On Reading Twine
It’s Twine Week on Electron Dance. This is the first of five posts.
So I wrote about how I had problems with the Twine format. But this year I participated in the Fear of Twine exhibition and, as a result, forced myself to read the other 15 works in the exhibition so I could write about them.
Do I still have problems with Twine?
Yes! And no.
I still possess a natural resistance to Twine. Persuading myself to click a link to just open a twine requires determination. And I still have to put the brakes on and slap my mousing hand whenever it gets itchy and wants to click out of a page before it has been read. The entire Fear of Twine exhibition was tough for me because I also wanted to do these twines justice, not just play through them once and say “done, got my narrative, bro”. I wanted to understand them. That meant patience and, normally, replays.
Yet my respect for the form is very real now. Previously anything I wrote positively about Twine would have been very technical: I did not have fun with twine and found it difficult to get excited enough to make observations and analysis. Having sat down and spent quality time with more twines in the last couple of months than I’d ever played before, I’ve been converted. I appreciate what Twine can do and understand how the format can really work for others.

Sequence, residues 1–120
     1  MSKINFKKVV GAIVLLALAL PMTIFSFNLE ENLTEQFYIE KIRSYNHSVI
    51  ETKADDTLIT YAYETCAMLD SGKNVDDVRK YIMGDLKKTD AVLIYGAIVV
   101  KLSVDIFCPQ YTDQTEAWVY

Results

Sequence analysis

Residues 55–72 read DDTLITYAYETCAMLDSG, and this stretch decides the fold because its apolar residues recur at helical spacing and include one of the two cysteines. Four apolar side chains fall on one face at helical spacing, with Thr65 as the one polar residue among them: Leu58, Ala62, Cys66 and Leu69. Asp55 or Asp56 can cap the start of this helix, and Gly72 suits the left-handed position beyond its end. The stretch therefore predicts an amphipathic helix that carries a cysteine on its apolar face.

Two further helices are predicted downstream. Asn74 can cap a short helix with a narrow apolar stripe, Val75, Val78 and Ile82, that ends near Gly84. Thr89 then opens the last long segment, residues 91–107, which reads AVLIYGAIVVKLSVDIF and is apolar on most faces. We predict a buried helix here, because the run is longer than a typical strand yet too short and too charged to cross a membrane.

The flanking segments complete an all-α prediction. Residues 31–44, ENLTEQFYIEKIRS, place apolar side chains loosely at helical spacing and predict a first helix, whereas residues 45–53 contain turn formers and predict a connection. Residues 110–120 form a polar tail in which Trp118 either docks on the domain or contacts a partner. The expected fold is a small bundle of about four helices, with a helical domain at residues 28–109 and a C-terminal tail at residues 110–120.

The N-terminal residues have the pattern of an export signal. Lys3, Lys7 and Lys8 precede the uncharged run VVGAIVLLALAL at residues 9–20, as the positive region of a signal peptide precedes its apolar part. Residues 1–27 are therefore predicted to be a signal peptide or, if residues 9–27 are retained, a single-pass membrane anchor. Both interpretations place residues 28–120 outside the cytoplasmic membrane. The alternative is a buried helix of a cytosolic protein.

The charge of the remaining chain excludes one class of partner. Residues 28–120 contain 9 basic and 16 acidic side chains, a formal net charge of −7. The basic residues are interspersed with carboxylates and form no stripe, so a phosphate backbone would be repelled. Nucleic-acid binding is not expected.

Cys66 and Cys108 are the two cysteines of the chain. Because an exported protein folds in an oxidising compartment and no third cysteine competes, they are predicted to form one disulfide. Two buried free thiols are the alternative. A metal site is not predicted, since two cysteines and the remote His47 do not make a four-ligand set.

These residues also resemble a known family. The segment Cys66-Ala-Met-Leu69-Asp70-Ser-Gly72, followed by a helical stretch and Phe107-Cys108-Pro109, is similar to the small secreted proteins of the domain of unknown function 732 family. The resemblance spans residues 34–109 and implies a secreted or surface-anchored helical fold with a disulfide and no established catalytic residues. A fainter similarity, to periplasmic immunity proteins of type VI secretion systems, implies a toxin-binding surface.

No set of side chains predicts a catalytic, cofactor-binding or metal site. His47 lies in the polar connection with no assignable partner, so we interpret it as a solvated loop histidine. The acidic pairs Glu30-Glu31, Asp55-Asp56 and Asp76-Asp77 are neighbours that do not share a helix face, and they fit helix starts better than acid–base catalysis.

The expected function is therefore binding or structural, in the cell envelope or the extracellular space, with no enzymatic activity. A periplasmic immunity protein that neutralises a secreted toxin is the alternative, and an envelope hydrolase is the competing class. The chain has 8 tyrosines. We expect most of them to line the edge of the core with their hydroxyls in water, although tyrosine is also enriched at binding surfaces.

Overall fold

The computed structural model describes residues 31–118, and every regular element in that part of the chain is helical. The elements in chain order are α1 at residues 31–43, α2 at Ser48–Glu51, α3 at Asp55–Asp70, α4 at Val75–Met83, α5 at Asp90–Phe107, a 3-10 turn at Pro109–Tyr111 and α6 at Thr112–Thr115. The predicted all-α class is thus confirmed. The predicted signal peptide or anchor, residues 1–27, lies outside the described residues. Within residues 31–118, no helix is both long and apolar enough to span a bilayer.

Short twines were easy on the soul. In contrast, if I saw 20 links on a page, I would begin to palpitate and hope some of the links were just description passages that went nowhere special. My brain liked fewer choices and picket fences of text. Walls of text were terrifying.
So the first entry in Fear of Twine, Debt (Tony Perriello, 2014), was a piece of cake. Debt is a movie in text with no branching. Funnily enough, this means it is accessible enough for everyone to come in, bitch about “dude, where’s my agency” and ask for their money back because “it’s not a game”.
On the other end of the spectrum I had the text jungles of Zombies and Elephants (Verena Kyratzes, 2014) and the wild branching of Abstract State-warp Machines (Ivaylo Shmilev, 2014). Regardless of whether they are good or not, I wonder if such works are naturally unpopular as they are not so easy to consume. Clicking the mouse button for headshots is so much simpler than digesting pages of text.
One of the items that came out of the Counterweight podcast on Fear of Twine is that twine is an unknown time commitment. Is this a long twine or a short twine? Who knows? Twines are meant to be consumed in one go, like a gaming snack, except many of them take a great deal of time to work through. Normally, a twine doesn’t impress you with any sense of how much is left before the story ends, particularly as branching messes with that. There are no page numbers. There is no book spine to gauge length.
Plus, it’s hard to save your progress in a twine. The new version of Twine does support “bookmarks” but if you’re one of those twine developers that hate the sidebar because it messes with “your vision” then the bookmark option is unlikely to be supported in your twine.